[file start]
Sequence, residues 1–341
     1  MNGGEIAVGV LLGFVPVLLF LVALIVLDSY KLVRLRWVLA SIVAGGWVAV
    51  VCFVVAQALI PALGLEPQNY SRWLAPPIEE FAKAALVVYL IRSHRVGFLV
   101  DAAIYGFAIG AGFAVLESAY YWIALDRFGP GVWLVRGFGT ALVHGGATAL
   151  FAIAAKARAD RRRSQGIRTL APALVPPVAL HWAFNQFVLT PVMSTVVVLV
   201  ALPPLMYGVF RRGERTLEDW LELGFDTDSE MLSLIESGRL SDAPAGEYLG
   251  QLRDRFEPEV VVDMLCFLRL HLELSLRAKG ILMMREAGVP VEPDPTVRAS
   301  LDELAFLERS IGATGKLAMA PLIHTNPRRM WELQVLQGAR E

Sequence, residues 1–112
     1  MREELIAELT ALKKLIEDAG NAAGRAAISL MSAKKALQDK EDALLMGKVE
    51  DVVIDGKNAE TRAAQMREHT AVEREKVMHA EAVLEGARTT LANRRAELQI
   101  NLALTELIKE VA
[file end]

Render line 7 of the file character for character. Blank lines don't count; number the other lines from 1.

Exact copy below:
   251  QLRDRFEPEV VVDMLCFLRL HLELSLRAKG ILMMREAGVP VEPDPTVRAS